The Modes of Discourse—Exposition, Description, Narration, Argumentation (EDNA)—are common paper assignments you may encounter in your writing classes. Although these genres have been criticized by some composition scholars, the Purdue OWL recognizes the wide spread use of these approaches and students’ need to understand and produce them.
Contributors: Jack Baker, Allen Brizee, Elizabeth Angeli
Last Edited: 2013-03-10 11:46:44
What is an argumentative essay?
The argumentative essay is a genre of writing that requires the student to investigate a topic; collect, generate, and evaluate evidence; and establish a position on the topic in a concise manner.
Please note: Some confusion may occur between the argumentative essay and the expository essay. These two genres are similar, but the argumentative essay differs from the expository essay in the amount of pre-writing (invention) and research involved. The argumentative essay is commonly assigned as a capstone or final project in first year writing or advanced composition courses and involves lengthy, detailed research. Expository essays involve less research and are shorter in length. Expository essays are often used for in-class writing exercises or tests, such as the GED or GRE.
Argumentative essay assignments generally call for extensive research of literature or previously published material. Argumentative assignments may also require empirical research where the student collects data through interviews, surveys, observations, or experiments. Detailed research allows the student to learn about the topic and to understand different points of view regarding the topic so that she/he may choose a position and support it with the evidence collected during research. Regardless of the amount or type of research involved, argumentative essays must establish a clear thesis and follow sound reasoning.
The structure of the argumentative essay is held together by the following.
- A clear, concise, and defined thesis statement that occurs in the first paragraph of the essay.
In the first paragraph of an argument essay, students should set the context by reviewing the topic in a general way. Next the author should explain why the topic is important (exigence) or why readers should care about the issue. Lastly, students should present the thesis statement. It is essential that this thesis statement be appropriately narrowed to follow the guidelines set forth in the assignment. If the student does not master this portion of the essay, it will be quite difficult to compose an effective or persuasive essay.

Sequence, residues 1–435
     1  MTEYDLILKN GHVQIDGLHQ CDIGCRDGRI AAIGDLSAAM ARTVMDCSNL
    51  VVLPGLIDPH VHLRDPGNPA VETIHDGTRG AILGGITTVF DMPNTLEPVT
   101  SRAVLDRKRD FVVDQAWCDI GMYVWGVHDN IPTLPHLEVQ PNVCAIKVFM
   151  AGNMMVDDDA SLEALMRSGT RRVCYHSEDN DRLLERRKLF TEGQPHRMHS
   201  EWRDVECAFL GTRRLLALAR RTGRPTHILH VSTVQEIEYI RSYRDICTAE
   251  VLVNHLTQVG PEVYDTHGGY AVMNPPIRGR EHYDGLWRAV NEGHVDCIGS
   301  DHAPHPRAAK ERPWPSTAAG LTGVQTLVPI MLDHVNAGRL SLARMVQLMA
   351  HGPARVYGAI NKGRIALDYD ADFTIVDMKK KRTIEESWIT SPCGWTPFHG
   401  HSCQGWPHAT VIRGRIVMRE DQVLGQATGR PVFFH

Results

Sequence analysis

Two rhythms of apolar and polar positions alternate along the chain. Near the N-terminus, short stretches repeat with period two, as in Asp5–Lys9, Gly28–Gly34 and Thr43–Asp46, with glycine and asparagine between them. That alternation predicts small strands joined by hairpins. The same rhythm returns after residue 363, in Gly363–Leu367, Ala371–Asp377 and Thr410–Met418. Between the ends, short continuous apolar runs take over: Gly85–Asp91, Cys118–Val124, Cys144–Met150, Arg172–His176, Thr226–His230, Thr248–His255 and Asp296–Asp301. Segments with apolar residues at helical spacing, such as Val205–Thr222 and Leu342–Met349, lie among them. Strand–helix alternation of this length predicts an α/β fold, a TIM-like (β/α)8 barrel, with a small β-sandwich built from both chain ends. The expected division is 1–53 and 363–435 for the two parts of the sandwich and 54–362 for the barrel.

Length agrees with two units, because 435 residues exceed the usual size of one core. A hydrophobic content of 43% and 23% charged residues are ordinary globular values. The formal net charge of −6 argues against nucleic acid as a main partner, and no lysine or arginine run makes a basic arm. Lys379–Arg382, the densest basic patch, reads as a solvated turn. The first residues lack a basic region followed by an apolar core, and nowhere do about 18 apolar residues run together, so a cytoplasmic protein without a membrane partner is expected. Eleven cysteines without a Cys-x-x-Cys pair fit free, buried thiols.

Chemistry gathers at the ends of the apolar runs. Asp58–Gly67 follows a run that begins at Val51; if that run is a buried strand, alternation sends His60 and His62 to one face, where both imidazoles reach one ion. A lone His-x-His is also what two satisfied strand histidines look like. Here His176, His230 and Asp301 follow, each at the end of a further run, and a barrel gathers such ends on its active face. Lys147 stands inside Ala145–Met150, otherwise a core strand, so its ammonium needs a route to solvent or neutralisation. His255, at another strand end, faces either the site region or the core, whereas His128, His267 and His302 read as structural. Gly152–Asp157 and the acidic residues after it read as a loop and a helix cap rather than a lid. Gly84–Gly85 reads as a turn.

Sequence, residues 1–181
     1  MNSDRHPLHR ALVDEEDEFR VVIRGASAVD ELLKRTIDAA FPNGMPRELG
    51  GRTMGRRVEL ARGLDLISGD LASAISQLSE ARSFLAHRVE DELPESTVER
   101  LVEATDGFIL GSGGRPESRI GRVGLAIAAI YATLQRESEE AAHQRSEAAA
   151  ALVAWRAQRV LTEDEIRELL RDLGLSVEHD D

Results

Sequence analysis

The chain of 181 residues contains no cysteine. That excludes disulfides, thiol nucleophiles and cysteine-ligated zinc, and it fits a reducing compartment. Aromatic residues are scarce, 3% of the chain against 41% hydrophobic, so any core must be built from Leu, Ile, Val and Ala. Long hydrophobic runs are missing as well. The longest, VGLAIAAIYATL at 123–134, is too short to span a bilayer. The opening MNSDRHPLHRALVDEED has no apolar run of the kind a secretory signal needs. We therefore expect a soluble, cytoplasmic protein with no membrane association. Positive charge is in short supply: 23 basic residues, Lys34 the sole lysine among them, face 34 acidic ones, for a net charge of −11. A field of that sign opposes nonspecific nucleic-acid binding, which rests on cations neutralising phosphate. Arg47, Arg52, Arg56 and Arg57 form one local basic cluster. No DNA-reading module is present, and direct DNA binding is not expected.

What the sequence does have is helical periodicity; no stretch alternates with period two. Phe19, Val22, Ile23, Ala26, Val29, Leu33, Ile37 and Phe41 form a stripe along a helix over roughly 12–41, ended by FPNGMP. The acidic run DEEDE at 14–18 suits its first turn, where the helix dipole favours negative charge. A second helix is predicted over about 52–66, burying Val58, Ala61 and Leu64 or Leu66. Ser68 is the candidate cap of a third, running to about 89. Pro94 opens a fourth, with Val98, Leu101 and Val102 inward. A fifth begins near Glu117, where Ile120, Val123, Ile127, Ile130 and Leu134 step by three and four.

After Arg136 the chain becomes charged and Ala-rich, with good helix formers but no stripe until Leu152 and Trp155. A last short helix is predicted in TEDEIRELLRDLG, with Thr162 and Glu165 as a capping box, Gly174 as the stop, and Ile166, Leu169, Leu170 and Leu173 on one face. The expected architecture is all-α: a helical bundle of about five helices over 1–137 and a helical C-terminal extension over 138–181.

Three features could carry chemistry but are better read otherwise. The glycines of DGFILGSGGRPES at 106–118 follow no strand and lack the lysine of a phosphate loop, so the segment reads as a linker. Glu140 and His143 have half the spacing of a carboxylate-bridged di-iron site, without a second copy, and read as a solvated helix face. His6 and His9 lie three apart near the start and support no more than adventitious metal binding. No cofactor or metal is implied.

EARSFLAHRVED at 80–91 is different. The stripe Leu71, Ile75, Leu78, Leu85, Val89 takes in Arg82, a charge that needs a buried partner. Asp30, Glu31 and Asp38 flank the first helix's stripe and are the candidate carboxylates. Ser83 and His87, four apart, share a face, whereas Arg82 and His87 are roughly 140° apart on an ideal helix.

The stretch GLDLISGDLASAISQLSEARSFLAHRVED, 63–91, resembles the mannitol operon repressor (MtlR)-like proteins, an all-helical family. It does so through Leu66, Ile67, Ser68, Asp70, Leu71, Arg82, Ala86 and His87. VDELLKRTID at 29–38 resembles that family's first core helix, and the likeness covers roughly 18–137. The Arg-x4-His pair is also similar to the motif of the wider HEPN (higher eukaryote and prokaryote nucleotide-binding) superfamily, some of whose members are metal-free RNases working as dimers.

- Clear and logical transitions between the introduction, body, and conclusion.
Transitions are the mortar that holds the foundation of the essay together. Without logical progression of thought, the reader is unable to follow the essay’s argument, and the structure will collapse. Transitions should wrap up the idea from the previous section and introduce the idea that is to follow in the next section.
- Body paragraphs that include evidential support.
Each paragraph should be limited to the discussion of one general idea. This will allow for clarity and direction throughout the essay. In addition, such conciseness creates an ease of readability for one’s audience. It is important to note that each paragraph in the body of the essay must have some logical connection to the thesis statement in the opening paragraph. Some paragraphs will directly support the thesis statement with evidence collected during research. It is also important to explain how and why the evidence supports the thesis (warrant).
However, argumentative essays should also consider and explain differing points of view regarding the topic. Depending on the length of the assignment, students should dedicate one or two paragraphs of an argumentative essay to discussing conflicting opinions on the topic. Rather than explaining how these differing opinions are wrong outright, students should note how opinions that do not align with their thesis might not be well informed or how they might be out of date.
- Evidential support (whether factual, logical, statistical, or anecdotal).